WASHINGTON: The fossil of a wide-hipped Homo erectus found in Ethiopia suggests females of the pre-human species swayed their hips as they walked Wide at the Waist: The fossil of a wide-hipped Homo erectus female, in Ethiopia.
and gave birth to relatively developed babies with big heads, researchers said.
The finding transforms thinking about some early human ancestors and evolution and suggests that helpless babies came along relatively late in the human lineage.
“We could look at this pelvis and then, using a series of measurements, we can calculate ... how big the baby’s head could be at birth,” said Scott Simpson, a paleontologist at Case Western Reserve University who worked on the study.
Writing in Science, Simpson and colleagues said the size and shape of the 1.2 million-year-old pelvis indicates that Homo erectus females had hips wider than those of modern human females and their infants were born with heads about 30% larger than previously calculated. “What this means is the offspring were not as helpless as a modern human,” he said.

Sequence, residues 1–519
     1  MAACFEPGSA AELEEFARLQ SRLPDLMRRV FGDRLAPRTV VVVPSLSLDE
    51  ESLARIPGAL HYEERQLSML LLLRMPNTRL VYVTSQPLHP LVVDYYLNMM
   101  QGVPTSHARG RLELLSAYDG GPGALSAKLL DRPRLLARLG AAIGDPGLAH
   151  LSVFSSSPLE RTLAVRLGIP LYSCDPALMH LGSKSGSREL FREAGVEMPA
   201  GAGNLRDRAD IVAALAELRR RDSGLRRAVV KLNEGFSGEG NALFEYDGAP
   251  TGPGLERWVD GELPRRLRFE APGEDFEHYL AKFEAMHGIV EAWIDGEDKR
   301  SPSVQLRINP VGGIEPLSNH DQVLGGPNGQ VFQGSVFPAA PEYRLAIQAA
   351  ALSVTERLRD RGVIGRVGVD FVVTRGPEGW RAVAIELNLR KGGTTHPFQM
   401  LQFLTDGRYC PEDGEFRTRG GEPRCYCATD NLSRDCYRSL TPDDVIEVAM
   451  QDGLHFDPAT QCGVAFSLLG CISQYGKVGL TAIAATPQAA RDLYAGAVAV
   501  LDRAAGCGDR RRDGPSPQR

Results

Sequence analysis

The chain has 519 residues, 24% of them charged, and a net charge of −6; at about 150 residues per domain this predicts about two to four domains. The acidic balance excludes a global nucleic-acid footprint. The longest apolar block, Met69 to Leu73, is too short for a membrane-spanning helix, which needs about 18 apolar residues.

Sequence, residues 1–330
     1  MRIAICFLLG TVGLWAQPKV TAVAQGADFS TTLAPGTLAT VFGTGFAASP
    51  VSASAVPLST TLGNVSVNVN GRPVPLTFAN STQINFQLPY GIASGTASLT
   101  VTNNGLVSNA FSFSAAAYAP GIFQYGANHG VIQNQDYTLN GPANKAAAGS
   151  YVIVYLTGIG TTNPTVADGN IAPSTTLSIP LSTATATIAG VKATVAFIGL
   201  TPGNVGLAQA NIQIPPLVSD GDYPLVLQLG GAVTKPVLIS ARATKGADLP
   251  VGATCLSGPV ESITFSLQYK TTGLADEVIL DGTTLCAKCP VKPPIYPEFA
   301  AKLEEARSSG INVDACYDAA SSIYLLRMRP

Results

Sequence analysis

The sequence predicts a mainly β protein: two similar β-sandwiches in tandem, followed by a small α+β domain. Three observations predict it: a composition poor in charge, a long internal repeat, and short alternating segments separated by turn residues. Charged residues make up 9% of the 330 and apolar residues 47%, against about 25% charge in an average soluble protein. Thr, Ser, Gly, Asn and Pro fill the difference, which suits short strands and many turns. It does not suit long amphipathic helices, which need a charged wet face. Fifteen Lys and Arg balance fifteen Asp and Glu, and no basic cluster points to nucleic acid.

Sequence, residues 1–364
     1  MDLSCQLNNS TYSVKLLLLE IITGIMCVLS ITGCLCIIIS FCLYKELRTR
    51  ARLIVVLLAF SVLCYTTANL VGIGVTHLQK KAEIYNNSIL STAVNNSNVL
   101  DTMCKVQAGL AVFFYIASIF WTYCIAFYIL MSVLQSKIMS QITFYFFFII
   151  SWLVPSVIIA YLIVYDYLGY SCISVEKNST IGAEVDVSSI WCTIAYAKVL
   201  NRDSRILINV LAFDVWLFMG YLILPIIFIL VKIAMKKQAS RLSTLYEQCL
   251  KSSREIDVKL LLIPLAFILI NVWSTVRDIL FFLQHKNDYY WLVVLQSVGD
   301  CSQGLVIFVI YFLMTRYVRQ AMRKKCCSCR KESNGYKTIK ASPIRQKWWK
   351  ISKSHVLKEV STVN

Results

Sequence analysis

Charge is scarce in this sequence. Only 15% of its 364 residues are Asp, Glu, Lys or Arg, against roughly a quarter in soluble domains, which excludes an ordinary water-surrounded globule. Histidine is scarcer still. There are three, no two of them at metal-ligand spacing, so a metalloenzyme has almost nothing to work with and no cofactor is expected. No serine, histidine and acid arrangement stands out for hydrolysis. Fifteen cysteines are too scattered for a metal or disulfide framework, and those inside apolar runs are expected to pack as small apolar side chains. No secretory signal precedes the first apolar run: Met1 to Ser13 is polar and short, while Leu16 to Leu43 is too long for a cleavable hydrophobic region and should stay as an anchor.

“It is not coming out walking and talking. But it was probably capable of more advanced behaviour at a younger age like grasping, like sitting up ... than we would see in a modern human.”
An extended childhood is a particularly human characteristic. Helpless babies require intensive care, not from the mothers but from an extended group, which may have spurred the development of human society and culture. Homo erectus, Latin for “upright man”, arose in Africa 1.8 to 2 million years ago, migrating to Asia and Europe before becoming extinct about half a million years ago.
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